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The Devotion of Enriquez
by [?]

In another chronicle which dealt with the exploits of “Chu Chu,” a Californian mustang, I gave some space to the accomplishments of Enriquez Saltillo, who assisted me in training her, and who was also brother to Consuelo Saitillo, the young lady to whom I had freely given both the mustang and my youthful affections. I consider it a proof of the superiority of masculine friendship that neither the subsequent desertion of the mustang nor that of the young lady ever made the slightest difference to Enriquez or me in our exalted amity. To a wondering doubt as to what I ever could possibly have seen in his sister to admire he joined a tolerant skepticism of the whole sex. This he was wont to express in that marvelous combination of Spanish precision and California slang for which he was justly famous. “As to thees women and their little game,” he would say, “believe me, my friend, your old Oncle ‘Enry is not in it. No; he will ever take a back seat when lofe is around. For why? Regard me here! If she is a horse, you shall say, ‘She will buck-jump,’ ‘She will ess-shy,’ ‘She will not arrive,’ or ‘She will arrive too quick.’ But if it is thees women, where are you? For when you shall say, ‘She will ess-shy,’ look you, she will walk straight; or she will remain tranquil when you think she buck-jump; or else she will arrive and, look you, you will not. You shall get left. It is ever so. My father and the brother of my father have both make court to my mother when she was but a senorita. My father think she have lofe his brother more. So he say to her: ‘It is enofe; tranquillize yourself. I will go. I will efface myself. Adios! Shake hands! Ta-ta! So long! See you again in the fall.’ And what make my mother? Regard me! She marry my father–on the instant! Of thees women, believe me, Pancho, you shall know nothing. Not even if they shall make you the son of your father or his nephew.”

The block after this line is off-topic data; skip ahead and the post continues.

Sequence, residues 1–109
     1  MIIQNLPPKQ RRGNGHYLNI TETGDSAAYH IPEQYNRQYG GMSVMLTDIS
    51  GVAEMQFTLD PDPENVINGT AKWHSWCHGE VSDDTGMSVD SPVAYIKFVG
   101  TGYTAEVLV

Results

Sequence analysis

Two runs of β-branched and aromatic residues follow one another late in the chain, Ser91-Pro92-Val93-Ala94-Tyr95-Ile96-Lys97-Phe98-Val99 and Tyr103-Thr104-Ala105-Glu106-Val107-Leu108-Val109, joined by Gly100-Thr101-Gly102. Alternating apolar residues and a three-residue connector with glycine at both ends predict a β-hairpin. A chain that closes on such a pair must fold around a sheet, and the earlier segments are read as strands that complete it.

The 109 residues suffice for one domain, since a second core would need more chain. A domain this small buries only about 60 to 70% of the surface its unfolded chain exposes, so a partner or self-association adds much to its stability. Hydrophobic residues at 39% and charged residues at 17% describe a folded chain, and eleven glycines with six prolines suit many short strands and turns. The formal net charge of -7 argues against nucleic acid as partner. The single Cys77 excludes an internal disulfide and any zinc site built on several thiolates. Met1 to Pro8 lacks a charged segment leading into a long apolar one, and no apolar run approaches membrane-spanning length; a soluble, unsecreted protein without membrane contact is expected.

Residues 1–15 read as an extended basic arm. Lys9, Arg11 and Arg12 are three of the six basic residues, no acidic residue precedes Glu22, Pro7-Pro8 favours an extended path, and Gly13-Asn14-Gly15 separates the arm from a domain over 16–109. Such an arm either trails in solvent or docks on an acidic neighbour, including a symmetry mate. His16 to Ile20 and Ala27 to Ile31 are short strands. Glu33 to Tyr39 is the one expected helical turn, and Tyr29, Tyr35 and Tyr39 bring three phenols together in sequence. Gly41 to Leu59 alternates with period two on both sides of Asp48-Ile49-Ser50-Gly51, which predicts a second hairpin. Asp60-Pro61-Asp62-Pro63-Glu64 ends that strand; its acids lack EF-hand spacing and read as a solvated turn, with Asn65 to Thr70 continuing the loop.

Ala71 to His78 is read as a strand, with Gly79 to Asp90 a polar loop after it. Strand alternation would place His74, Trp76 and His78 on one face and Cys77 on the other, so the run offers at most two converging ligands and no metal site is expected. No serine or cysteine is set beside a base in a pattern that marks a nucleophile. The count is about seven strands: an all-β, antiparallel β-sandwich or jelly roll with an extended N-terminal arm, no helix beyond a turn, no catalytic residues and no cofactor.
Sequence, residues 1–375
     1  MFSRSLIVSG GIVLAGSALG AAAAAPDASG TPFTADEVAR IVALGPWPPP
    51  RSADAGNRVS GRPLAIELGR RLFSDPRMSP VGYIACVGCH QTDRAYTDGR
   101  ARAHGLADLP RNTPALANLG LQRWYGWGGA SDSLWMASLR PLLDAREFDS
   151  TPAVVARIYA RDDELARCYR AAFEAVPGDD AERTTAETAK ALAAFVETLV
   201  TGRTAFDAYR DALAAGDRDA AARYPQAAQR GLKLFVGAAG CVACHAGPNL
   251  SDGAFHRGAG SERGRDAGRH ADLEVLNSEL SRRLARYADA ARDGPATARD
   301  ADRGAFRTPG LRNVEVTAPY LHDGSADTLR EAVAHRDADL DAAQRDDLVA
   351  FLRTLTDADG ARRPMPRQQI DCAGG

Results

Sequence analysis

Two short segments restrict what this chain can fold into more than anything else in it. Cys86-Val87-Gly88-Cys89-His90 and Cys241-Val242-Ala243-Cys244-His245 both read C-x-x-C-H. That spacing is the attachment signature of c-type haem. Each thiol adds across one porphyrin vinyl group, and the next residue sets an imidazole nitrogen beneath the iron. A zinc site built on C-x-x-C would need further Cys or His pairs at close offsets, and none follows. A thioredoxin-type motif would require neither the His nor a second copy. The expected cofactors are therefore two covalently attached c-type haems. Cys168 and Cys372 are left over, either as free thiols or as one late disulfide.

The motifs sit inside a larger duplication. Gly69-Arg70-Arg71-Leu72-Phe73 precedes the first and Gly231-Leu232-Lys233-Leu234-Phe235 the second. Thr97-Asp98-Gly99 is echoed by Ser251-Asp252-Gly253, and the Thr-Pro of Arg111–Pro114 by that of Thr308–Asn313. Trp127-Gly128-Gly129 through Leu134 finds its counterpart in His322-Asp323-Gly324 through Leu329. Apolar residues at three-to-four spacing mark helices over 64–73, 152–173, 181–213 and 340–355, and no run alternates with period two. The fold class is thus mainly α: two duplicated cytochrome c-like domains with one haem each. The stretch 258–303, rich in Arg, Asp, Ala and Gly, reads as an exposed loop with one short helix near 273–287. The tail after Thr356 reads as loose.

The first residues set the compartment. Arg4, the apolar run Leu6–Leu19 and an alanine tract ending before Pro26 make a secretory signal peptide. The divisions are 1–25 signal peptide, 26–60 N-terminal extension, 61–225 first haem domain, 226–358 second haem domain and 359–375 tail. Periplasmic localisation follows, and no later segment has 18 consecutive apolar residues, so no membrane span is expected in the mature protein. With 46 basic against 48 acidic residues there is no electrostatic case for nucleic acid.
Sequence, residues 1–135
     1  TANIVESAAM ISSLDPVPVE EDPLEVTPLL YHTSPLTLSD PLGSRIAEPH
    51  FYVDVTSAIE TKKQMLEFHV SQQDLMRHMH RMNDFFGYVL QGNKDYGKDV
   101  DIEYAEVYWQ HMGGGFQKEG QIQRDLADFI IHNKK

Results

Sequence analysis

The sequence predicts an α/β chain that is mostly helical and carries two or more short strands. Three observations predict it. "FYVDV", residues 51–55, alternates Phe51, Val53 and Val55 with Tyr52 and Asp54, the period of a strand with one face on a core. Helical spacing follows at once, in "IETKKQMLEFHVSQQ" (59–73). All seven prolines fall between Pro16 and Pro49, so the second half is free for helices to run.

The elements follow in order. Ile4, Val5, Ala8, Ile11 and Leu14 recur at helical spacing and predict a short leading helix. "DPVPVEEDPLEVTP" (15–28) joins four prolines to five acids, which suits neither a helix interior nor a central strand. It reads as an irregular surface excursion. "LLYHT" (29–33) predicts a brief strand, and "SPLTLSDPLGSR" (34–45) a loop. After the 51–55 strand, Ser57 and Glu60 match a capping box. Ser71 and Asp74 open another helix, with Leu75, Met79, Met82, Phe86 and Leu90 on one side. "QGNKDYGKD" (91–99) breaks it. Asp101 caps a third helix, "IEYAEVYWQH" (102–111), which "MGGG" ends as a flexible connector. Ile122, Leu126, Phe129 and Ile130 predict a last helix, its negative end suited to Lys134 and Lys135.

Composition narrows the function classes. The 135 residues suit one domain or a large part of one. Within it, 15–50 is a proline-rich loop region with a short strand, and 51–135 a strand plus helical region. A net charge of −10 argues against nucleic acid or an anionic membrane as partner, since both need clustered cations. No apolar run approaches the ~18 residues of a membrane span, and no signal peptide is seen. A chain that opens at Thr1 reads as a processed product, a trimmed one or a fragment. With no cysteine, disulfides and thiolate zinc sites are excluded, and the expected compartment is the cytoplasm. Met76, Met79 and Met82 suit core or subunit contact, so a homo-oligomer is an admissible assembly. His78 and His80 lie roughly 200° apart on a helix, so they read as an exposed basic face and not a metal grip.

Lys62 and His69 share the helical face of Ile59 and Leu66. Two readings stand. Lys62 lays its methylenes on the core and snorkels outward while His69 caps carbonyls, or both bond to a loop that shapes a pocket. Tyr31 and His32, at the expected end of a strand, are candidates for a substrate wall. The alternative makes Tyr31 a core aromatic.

I have recalled this characteristic speech to show the general tendency of Enriquez’ convictions at the opening of this little story. It is only fair to say, however, that his usual attitude toward the sex he so cheerfully maligned exhibited little apprehension or caution in dealing with them. Among the frivolous and light-minded intermixture of his race he moved with great freedom and popularity. He danced well; when we went to fandangos together his agility and the audacity of his figures always procured him the prettiest partners, his professed sentiments, I presume, shielding him from subsequent jealousies, heartburnings, or envy. I have a vivid recollection of him in the mysteries of the SEMICUACUA, a somewhat corybantic dance which left much to the invention of the performers, and very little to the imagination of the spectator. In one of the figures a gaudy handkerchief, waved more or less gracefully by dancer and danseuse before the dazzled eyes of each other, acted as love’s signal, and was used to express alternate admiration and indifference, shyness and audacity, fear and transport, coyness and coquetry, as the dance proceeded. I need not say that Enriquez’ pantomimic illustration of these emotions was peculiarly extravagant; but it was always performed and accepted with a gravity that was an essential feature of the dance. At such times sighs would escape him which were supposed to portray the incipient stages of passion; snorts of jealousy burst from him at the suggestion of a rival; he was overtaken by a sort of St. Vitus’s dance that expressed his timidity in making the first advances of affection; the scorn of his ladylove struck him with something like a dumb ague; and a single gesture of invitation from her produced marked delirium. All this was very like Enriquez; but on the particular occasion to which I refer, I think no one was prepared to see him begin the figure with the waving of FOUR handkerchiefs! Yet this he did, pirouetting, capering, brandishing his silken signals like a ballerina’s scarf in the languishment or fire of passion, until, in a final figure, where the conquered and submitting fair one usually sinks into the arms of her partner, need it be said that the ingenious Enriquez was found in the center of the floor supporting four of the dancers! Yet he was by no means unduly excited either by the plaudits of the crowd or by his evident success with the fair. “Ah, believe me, it is nothing,” he said quietly, rolling a fresh cigarette as he leaned against the doorway. “Possibly, I shall have to offer the chocolate or the wine to thees girls, or make to them a promenade in the moonlight on the veranda. It is ever so. Unless, my friend,” he said, suddenly turning toward me in an excess of chivalrous self-abnegation, “unless you shall yourself take my place. Behold, I gif them to you! I vamos! I vanish! I make track! I skedaddle!” I think he would have carried his extravagance to the point of summoning his four gypsy witches of partners, and committing them to my care, if the crowd had not at that moment parted before the remaining dancers, and left one of the onlookers, a tall, slender girl, calmly surveying them through gold-rimmed eyeglasses in complete critical absorption. I stared in amazement and consternation; for I recognized in the fair stranger Miss Urania Mannersley, the Congregational minister’s niece!